Michigan and Northwestern will begin playing for the George Jewett Trophy this upcoming season, a new rivalry trophy that honors the first Black player in Big Ten history, who competed for both teams in the 1890s.
The Jewett Trophy becomes the first rivalry trophy in the FBS named for a former Black player. Jewett played fullback and halfback at Michigan in 1890 and 1892, and then played two more seasons for Northwestern while completing his medical degree. He was Michigan’s leading scorer, rusher and kicker during his career at the school, and also stood out on defense.
“This is a historic moment in major college football history,” Michigan athletics director Warde Manuel said in a prepared statement. “We are proud to partner with our peer institution, Northwestern, to recognize and honor an African American pioneer in George Jewett. George achieved at a high level as an athlete and doctor. His hard work and effort led to success not only for himself, but for those who would follow a similar path after him. His excellence at two Big Ten institutions as a student, athlete and citizen is something we want our current student-athletes to aspire to during their collegiate experience. The George Jewett Trophy will become a proud celebration of the importance to diversity on our teams, campuses, and in our society.”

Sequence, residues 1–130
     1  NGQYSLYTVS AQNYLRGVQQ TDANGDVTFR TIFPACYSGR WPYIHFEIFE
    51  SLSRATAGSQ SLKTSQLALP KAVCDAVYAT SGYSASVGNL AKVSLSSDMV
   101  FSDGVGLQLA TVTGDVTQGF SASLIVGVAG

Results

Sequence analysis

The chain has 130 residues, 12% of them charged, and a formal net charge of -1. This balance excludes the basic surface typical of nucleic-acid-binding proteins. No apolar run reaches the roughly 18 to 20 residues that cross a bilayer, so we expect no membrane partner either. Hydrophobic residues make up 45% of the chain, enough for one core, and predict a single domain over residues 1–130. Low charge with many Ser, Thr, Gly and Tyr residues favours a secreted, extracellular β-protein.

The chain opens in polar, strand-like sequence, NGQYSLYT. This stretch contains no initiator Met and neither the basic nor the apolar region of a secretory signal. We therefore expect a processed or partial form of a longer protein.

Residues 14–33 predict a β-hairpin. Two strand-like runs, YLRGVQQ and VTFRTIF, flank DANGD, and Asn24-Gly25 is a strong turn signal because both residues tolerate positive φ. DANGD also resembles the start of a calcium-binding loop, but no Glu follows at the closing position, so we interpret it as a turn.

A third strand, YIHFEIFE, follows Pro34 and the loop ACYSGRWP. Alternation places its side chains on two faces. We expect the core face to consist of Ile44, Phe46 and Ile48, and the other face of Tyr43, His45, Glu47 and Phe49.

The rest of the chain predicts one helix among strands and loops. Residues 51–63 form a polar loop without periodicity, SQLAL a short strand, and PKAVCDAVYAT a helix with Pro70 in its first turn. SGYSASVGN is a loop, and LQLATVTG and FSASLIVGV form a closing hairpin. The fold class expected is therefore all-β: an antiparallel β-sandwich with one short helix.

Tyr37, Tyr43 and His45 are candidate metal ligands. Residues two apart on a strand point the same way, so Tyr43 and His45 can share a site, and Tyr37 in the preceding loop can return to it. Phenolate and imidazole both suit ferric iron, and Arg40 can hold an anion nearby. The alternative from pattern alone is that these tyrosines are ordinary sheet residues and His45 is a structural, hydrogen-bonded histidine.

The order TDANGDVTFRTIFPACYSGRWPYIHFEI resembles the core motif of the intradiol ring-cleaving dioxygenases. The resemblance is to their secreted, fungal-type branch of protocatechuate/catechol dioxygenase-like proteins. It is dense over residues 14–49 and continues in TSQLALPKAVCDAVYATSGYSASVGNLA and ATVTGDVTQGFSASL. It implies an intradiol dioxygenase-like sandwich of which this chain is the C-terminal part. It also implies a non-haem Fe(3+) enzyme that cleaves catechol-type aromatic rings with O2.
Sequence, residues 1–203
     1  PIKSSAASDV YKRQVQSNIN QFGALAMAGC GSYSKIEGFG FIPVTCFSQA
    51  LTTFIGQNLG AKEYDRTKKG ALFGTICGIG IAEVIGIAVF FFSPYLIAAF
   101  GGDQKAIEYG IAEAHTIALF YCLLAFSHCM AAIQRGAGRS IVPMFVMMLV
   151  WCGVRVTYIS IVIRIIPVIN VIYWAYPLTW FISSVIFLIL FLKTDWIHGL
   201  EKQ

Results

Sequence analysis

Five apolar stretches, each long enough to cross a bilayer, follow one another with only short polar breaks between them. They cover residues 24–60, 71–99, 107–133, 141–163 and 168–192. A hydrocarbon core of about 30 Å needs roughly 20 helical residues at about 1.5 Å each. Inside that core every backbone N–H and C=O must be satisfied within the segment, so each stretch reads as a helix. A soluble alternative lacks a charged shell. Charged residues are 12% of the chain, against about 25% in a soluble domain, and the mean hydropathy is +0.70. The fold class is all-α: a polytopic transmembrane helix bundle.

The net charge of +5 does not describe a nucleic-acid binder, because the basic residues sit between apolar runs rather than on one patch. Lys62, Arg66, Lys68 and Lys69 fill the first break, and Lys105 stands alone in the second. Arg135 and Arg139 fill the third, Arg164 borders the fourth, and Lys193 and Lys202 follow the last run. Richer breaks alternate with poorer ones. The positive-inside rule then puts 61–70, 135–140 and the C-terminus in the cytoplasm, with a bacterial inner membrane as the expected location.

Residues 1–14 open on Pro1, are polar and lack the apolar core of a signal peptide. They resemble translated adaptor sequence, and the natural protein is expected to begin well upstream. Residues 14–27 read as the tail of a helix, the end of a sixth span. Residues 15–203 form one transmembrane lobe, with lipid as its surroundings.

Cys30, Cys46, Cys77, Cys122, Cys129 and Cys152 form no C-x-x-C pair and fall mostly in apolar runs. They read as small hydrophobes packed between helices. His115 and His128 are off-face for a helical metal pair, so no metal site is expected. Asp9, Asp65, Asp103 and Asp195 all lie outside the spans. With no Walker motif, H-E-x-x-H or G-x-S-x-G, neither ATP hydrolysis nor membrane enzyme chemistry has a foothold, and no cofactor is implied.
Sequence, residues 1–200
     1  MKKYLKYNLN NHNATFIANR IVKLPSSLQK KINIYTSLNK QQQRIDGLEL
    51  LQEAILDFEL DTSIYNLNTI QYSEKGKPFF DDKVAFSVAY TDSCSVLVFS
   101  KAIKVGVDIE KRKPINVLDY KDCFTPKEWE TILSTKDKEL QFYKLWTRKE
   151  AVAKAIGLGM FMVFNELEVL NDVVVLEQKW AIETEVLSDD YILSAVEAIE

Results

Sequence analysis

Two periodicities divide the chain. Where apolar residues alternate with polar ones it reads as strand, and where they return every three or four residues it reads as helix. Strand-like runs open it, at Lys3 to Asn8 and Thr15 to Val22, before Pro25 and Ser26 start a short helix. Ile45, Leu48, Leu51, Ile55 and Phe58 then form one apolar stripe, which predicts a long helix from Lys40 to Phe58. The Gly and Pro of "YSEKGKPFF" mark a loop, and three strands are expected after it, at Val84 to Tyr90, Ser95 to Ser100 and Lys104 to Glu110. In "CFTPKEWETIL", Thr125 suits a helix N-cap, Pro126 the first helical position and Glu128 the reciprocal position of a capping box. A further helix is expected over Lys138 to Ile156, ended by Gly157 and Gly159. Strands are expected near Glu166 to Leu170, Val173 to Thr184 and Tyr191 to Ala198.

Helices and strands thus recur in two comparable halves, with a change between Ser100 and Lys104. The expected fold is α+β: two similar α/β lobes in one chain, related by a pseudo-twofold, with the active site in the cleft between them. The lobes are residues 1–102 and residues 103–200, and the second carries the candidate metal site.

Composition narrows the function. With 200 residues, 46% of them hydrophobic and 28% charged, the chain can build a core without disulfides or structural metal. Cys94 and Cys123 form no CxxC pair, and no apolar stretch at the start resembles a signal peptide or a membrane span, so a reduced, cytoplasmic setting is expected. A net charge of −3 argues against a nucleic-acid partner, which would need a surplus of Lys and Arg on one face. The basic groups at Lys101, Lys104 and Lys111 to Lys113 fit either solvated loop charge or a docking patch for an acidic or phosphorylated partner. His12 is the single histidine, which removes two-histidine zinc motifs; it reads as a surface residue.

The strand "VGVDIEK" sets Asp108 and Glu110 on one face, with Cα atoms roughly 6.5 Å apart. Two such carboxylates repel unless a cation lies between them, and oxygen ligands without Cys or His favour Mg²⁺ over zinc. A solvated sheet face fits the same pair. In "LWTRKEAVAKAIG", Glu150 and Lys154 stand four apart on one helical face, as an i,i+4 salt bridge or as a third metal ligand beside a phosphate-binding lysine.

Michigan and Northwestern will first play for the Jewett Trophy on Oct. 23 at Michigan Stadium. This becomes the Big Ten’s 16th rivalry game trophy — the third for Michigan (Little Brown Jug, Paul Bunyan Trophy) and second for Northwestern (Land of Lincoln Trophy). The Wolverines lead the all-time series 58-15-2, and has won the past six meetings, including the most recent in 2018.
Several rivalry games featuring FCS teams are named for Black players, including those featuring teams from historically Black colleges and universities.
“We are proud that the University of Michigan and Northwestern University will honor Dr. Jewett’s extraordinary humanity, courage, intelligence, success and legacy with the first rivalry game trophy featuring an African American football player in FBS and Big Ten history,” Big Ten commissioner Kevin Warren said in a prepared statement. “Dr. Jewett’s dedication and perseverance to achieve excellence in every area of his life are an inspiration to every man and woman and provide evidence that with hard work and passion there are no limitations to achieving your dreams. We must continue to work together to honor Dr. Jewett by eliminating racism and hate and creating equality in our society.”
Jewett became a doctor in Chicago before returning to Ann Arbor, where he had several businesses. He also coached briefly at both Michigan Agricultural College and Olivet College. Jewett died suddenly in 1908 at age 38. Michigan did not award a varsity letter to another Black player for 40 years after Jewett.